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Child Support - Three Basic Truths

Tonight's critical post about Child Support was written by our Marietta Family Law Attorney, Jeannine Lowery. 

Children are priceless, but they aren't cheap. Anyone who has raised a child or two certainly understands this. As the Christmas bills settle in, it's a great time to think about what it costs to raise a child, and if you're doing it alone, how to make sure your child receives the support to which he or she is entitled by law.

Let's start out with three basic truths about child support.

One: all children are entitled to support from both parents.

This may seem like common sense. But to prevent any question, the Georgia Legislature specifically defines the obligations of parents in O.C.G.A. § 19-7-2, stating "it is the duty of each parent, to provide for the maintenance, protection, and education" of the child until the child reaches the age of majority, "except to the extent that the duty of one parent is otherwise or further defined by court order." Therefore, both parents owe the duty of support even without a Court Order.

Two: this support is required of both parents from the day the child is born, regardless of whether the child has been legitimized.

There is no question that the parents of a child born out of wedlock are under a legal obligation to support the child, regardless of whether there has been legal action for paternity. If one parent fails to support their child, the other parent can recover the costs of raising the child since birth, even without a previous child support Order. The Court of Appeals of Georgia has determined that once paternity is established, the costs of raising a child since birth may be recovered and the Court will consider both the actual costs and the Child Support Guidelines to determine the child support obligations of the parents. See OCGA § 19-6-15 (b) and Smith v. Carter, 305 Ga. App. 479 (2010).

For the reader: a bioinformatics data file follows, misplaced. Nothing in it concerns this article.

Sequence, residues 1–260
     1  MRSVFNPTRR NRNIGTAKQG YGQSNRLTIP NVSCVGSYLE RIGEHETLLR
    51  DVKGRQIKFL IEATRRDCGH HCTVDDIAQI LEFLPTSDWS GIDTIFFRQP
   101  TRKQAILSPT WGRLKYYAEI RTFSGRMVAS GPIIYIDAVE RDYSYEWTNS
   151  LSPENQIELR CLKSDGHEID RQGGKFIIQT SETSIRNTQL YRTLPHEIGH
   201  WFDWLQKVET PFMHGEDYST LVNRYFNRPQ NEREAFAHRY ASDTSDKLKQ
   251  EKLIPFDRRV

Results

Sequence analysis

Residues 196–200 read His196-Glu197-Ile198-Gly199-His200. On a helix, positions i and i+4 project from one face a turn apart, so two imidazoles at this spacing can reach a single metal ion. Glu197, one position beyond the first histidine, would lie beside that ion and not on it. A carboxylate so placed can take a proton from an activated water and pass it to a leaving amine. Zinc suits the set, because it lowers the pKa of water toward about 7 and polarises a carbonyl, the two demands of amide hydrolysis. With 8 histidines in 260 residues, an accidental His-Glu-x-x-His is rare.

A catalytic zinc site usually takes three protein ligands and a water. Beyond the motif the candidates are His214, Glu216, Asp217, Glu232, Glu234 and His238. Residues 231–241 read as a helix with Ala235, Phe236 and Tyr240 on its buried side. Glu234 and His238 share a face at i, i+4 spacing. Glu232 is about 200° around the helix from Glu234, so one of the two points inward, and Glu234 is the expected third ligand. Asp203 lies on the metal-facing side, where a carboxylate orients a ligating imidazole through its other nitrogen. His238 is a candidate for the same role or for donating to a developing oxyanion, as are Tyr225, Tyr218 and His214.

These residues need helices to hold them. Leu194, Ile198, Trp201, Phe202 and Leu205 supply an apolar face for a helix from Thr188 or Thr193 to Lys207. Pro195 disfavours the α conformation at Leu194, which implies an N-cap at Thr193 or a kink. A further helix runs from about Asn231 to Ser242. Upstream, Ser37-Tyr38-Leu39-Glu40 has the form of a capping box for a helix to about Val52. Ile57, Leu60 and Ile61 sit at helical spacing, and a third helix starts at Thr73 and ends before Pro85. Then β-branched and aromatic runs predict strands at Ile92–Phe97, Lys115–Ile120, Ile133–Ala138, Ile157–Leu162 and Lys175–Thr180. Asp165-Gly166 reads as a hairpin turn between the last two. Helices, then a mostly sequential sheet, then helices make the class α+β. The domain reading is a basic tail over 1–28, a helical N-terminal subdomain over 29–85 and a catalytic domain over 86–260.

Three: parents cannot waive the right to a child's support and, in Georgia, the amount of support is determined by a child support worksheet.

Because children are not property, their support rights may not be given away by their parents. Child support is the right of the child and cannot be waived by a parent. Parents also cannot bargain away their children's right to seek increases in child support payments. The guidelines for computing the amount of child support are found in O.C.G.A. § 19-6-15 and must be considered by any court setting child support. Those guidelines are not the maximum, but rather the minimum basis for determining the amount of child support.

The law recognizes that no one parent should bear the burden of single handedly supporting a child. In fact, Georgia law requires both parents to provide for their children and neither parent has the right to waive this requirement. So if you're one of the 13 million parents raising a child alone, it may be time to contact the Manely Firm, P.C., and get your child the support he or she is entitled to under the law.

Jeannine Lowery

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